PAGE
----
Now open up Server Admin. Most of the services are gone. We’re left with nat (does anyone really still use OS X Server as a border device?!?!) and a few other services that were either too boring to get moved to the Server app or too unwanted. Expect these to disappear one by one if there are future releases of OS X Server. In fact, if OS X Server is $50 I’d say building a better DHCP (that maybe has a GUI for DHCP options and other cool stuff) or a better DNS is a worthy of a $10 or $20 app on the app store. After all, given the Mini platform it seems a decent platform as a network appliance in that fashion… But back to it.
Now go into Server. Wow. Super easy. The only challenging thing in here is Profile Manager. And the only challenging thing about it is that it a) most people aren’t going to let it build Open Directory for them (but should) and b) some people are going to get stumped when asked for a username and password for a developer account. Get yourself an Apple ID with a developer cert and Profile Manager will be really easy to use, especially if you’re used to working with Workgroup Manager to build Managed Preference manifests. Once in, if you will even note that you can assign specific defaults domains and push keys to clients. Of course, the big thing here is the wipe. The most important thing to note about that is that the clients need to run FileVault and there’s not a great mass deploy strategy for that yet (IMHO).
While I said Profile Manager could be challenging, there are some really cool things waiting for people to start hacking away at. The fist is scripting profile creation and management. Profiles are stored in /var/db/ConfigurationProfiles/Store. Much to the chagrin of 3rd party MDM developers, this solution works great for OS X and iOS. Much to the delight of MDM developers, the whole App Store look and feel that someone like JAMF has is still something that really sets them apart and the ability to have Casper assist you with managing those VPP keys is what will be the crazy huge value add that it will continue to bring to the table. Having said that, a lot of smaller organizations can now use Profile Manager where they might have just used iPhone Config Utility before.
Profiles can be pushed out in a number of ways. The user can download it out of the goodness of their heart. In iOS you’re kinda’ stuck with that deployment methodology. But not in OS X. Help comes in the form of the profiles command, located in /usr/sbin. Profiles is explained further in this other post of mine here.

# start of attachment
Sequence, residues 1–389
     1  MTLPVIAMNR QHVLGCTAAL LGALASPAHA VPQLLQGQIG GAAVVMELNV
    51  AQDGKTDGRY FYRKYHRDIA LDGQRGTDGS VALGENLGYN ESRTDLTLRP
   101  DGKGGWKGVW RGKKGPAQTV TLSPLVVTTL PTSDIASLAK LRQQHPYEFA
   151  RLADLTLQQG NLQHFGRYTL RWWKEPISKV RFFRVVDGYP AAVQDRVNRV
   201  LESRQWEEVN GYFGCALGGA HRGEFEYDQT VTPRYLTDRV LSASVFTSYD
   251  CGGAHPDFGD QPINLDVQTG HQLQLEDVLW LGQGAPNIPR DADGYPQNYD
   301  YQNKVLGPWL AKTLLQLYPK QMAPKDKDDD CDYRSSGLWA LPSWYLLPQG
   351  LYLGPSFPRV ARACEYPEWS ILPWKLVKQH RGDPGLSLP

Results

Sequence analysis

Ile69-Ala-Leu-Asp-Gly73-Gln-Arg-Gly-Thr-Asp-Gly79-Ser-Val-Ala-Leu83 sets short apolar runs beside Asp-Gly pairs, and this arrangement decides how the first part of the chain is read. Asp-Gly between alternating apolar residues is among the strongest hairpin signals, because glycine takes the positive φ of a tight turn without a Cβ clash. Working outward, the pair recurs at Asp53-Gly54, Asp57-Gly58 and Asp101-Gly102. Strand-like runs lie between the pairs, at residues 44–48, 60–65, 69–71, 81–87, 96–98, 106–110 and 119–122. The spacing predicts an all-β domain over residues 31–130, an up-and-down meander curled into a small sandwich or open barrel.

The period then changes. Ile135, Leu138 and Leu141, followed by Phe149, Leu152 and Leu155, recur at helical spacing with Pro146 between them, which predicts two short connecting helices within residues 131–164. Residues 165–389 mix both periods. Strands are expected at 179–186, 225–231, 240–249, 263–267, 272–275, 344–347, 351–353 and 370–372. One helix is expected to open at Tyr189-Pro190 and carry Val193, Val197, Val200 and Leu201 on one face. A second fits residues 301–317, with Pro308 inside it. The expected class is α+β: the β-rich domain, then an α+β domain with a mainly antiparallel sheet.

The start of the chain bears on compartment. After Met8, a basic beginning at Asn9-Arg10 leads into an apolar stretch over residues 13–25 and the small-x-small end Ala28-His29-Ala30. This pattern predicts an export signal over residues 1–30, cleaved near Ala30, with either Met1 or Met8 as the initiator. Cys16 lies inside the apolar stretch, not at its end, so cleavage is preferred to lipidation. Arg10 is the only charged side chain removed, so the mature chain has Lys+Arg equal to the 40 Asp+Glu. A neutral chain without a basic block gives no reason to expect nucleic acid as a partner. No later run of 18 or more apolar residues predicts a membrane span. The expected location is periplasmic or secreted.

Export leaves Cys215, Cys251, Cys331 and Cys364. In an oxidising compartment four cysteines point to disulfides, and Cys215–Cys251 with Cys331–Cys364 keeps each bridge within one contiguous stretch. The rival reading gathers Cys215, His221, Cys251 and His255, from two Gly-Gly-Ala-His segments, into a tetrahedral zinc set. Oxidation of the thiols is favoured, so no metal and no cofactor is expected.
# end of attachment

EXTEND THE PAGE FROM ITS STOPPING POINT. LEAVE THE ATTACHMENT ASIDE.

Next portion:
The serveradmin app (serveradmin list shows a few less results than it used to), slap* commands and other tools server admins are used to are all still there. There’s a better webmail (much, much better), Wiki’s are a little different (not much), NFS (kinda’) and FTP are gone, Podcast Producer keeps getting easier, the twisted stuff (iCal and Address Book Server) is the same as it was in Snow Leopard and Server app gets more functional whereas Server Admin gets less functional. Server got a little easier. Or at least on the outside. But presumably it can, given that it’s likely to be asked to do less than it once was moving forward.
But as with previous versions of OS X Server, there are a lot of settings under the hood that aren’t exposed in any app. Let’s look at the devicemgr service, which is Profile Manager in the GUI:
sudo serveradmin settings devicemgr
One thing I do find interesting is the inclusion of postgres in serveradmin but not in Server app or Server Admin. MySQL is gone, but postgres is there.
You’ll also see settings like mdm_acl and user_timeout that can be pretty helpful (which is why they’re in there in the first place) but aren’t in the GUI. I’m all for keeping GUI’s clean, not giving admins the ability to easily enable something they shouldn’t and keeping away from having screens and screens of rolling settings. So for the most part I’m OK with this. My point with this paragraph (and every paragraph should have a point even though I forget that sometimes) is that if there’s a setting you need that you think got taken out or if there’s a setting that would be cool to have, check serveradmin settings and see if it’s there before just taking the Server app’s word for it…
TFTP, or Trivial File Transfer Protocol is a protocol that can be used for quickly shuttling files about. While similar to FTP, TFTP has no username and password (in most cases) and should not be running when you do not need it. It’s still in use today for a number of appliances such as routers and switches, to get firmware and occasionally configuration files.